Wednesday 30 September 2015

voiced interdental /l/

Paul Carley has found a video in which Ed Miliband pronounces the words "Labour" and "Let's" with a voiced interdental /l/.
Miliband says
1. "Labour plan for Britain's future"
2. "Let's make it happen together"

no. 1: "Labour" (credit: BBC News)

no. 2: "Let's" (credit: BBC News)

Sunday 27 September 2015

length becomes lenth

Paul Carley spotted another interesting pronunciation variant - it's that for the word length. LPD3 presents the results of an opinion poll on the BrE pronunciation of it: 48% prefer /leŋθ/, 36% favour /leŋkθ/ and 16% vote for /lentθ/. To the latter pronunciation John Wells adds a symbol indicating that it is a British English non-RP variant. CEPD18 has /leŋkθ/ only. Here are two short sections taken from BBC News of 22 September 2015:

The speaker is Danny Savage.

Monday 21 September 2015

Brian Sewell - RIP

Brian Sewell, art critic, columnist and writer, died in his London home on the 19th of September, 2015. He was not only renowned for his pungent, waspish, rapier-sharp remarks, but also for his 'privileged', genteel pronunciation, whch made quite a few people become prickly. In his words, he had the voice of an "Edwardian lesbian". Well, form your own judgment; there are lots of sound samples on the internet.

Here's a short extract from an interview which must have taken place in or shortly after 1979:


Saturday 19 September 2015

English-French-German jingle

You might want to read this blog by Peter Roach first before you continue with the present comment. One of the followers of Peter's blog asked for the sound files to be supplied. It's a jingle of a windscreen repair company in English, French and German (there may be versions in other languages as well, but I haven't checked this yet). The various rhythms are the interesting part.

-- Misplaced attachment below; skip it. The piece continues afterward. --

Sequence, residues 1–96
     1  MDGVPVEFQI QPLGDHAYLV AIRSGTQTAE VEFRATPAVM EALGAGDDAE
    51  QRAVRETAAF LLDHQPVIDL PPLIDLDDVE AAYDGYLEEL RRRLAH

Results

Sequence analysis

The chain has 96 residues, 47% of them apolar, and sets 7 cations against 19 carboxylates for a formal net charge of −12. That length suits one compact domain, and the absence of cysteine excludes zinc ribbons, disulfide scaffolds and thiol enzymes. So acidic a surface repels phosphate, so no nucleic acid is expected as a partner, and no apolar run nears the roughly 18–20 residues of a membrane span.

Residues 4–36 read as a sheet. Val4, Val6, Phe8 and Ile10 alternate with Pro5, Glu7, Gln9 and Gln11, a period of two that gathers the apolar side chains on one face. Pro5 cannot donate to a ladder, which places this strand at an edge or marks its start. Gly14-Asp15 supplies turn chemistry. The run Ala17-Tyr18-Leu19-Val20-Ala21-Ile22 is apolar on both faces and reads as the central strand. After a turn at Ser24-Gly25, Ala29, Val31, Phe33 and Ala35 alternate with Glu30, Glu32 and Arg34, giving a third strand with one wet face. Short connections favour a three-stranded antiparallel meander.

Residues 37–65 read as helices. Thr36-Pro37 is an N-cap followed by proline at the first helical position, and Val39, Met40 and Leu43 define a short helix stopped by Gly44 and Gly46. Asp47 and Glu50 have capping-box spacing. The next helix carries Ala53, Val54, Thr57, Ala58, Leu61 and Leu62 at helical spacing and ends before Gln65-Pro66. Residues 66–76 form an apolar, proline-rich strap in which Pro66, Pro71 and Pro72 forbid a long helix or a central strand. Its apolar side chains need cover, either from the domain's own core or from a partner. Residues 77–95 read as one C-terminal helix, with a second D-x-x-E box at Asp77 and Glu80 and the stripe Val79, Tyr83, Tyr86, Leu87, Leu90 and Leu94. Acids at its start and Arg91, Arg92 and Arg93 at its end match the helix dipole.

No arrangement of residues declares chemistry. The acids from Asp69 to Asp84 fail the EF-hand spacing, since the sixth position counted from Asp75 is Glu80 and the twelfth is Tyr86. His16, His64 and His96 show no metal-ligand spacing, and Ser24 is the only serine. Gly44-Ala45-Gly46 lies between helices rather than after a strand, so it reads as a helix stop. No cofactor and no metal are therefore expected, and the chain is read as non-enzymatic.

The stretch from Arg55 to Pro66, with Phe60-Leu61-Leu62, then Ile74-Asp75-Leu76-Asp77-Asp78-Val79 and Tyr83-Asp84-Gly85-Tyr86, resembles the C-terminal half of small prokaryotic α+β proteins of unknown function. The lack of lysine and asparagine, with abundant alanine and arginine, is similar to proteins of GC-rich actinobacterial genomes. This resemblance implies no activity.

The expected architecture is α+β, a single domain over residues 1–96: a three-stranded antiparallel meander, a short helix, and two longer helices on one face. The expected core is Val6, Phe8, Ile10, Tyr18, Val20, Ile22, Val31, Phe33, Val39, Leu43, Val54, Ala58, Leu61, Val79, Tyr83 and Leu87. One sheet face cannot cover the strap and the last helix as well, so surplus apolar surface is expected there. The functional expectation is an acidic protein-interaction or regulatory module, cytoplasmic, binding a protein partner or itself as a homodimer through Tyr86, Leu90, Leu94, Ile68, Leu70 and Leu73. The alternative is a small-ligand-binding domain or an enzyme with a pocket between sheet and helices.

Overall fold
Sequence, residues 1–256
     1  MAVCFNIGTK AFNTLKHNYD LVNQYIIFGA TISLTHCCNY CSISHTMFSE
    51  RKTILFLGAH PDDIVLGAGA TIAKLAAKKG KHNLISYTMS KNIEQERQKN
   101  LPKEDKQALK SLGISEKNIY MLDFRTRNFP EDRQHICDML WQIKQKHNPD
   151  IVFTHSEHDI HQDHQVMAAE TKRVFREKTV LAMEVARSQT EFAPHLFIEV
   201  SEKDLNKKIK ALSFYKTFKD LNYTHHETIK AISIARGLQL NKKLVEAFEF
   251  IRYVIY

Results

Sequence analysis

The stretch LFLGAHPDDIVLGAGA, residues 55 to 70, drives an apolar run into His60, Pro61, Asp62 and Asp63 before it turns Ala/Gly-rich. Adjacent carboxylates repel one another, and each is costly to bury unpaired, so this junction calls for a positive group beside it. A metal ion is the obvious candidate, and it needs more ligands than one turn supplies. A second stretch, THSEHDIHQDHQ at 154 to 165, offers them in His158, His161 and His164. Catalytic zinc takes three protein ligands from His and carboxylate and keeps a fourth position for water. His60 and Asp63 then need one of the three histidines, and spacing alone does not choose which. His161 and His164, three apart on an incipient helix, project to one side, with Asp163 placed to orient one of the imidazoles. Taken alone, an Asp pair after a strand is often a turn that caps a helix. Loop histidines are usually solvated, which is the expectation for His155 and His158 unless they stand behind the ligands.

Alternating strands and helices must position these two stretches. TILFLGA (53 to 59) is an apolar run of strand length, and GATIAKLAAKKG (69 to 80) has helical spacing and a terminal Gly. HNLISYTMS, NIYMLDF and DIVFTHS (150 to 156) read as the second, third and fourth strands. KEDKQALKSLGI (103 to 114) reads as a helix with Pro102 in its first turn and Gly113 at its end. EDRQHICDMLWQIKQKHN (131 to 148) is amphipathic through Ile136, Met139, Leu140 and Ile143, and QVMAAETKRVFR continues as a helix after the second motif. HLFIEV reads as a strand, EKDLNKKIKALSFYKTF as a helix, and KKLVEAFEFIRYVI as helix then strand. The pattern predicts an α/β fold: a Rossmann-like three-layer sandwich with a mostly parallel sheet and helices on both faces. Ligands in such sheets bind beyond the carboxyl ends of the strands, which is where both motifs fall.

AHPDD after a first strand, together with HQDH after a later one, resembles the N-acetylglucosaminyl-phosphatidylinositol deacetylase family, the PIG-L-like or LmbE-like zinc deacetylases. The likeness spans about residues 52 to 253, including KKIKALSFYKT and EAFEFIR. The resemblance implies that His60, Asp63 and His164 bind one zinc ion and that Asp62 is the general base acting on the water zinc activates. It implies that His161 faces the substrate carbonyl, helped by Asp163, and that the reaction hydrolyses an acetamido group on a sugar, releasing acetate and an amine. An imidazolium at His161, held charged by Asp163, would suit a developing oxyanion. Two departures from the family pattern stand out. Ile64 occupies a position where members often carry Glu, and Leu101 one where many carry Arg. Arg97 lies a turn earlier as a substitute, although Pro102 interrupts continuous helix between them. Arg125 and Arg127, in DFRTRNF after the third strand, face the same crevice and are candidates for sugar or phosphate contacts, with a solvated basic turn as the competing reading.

Here they are:

Thursday 17 September 2015

listen to (the) unconscious

'Listen to the unconscious'? You may think that I've gone loopy. Whether this is true or not is not for me to decide.
What I want you to do is listen to the word in this recording and tell me if you spot a not too rare phonetic phenomenon.

(My thanks to Paul Carley for the link.)

Tuesday 15 September 2015

epenthetic glottal stop

Sharp-eared Paul Carley spotted an interesting instance of epenthesis. To preserve the sound sample for some time, I recorded it for you to listen to. It's in an interview by BBC Radio 4 with Diane Abbott, Labour MP for HackneyNorth and Stoke Newington.
 Paul found an epentheticglottal stop in the word also in this sentence of hers:
You can also serve - we also serve - we serve on the back benches.
Listen to the sound file:

This is a rather rare instance of epenthesis of a glottal plosive between /l/ and /s/.

Thursday 10 September 2015

mp3 files

Here's a short but excellent introduction, written by Sidney Wood, into the mp3 digital audio compression format. If you're not familiar with what mp3 does to your recordings and to your ears, you should read this intro first. For presentations of sound files on the internet it may at times be necessary to compress the original sound file to save storage space and/or avoid long loading times. Once you've converted a high-quality recording into the mp3-format, you should try to avoid re-encoding it if and when you change the volume or cut and paste it.

MP3directcut claims to allow mp3 files to be manipulated without a further quality loss due to re-encoding. I haven't tested this (and I don't get any royalties for writing about the product). Here's the link to the software, which is free.

mp3DirectCut - direct mp3 editor, splitter, cutter and recorder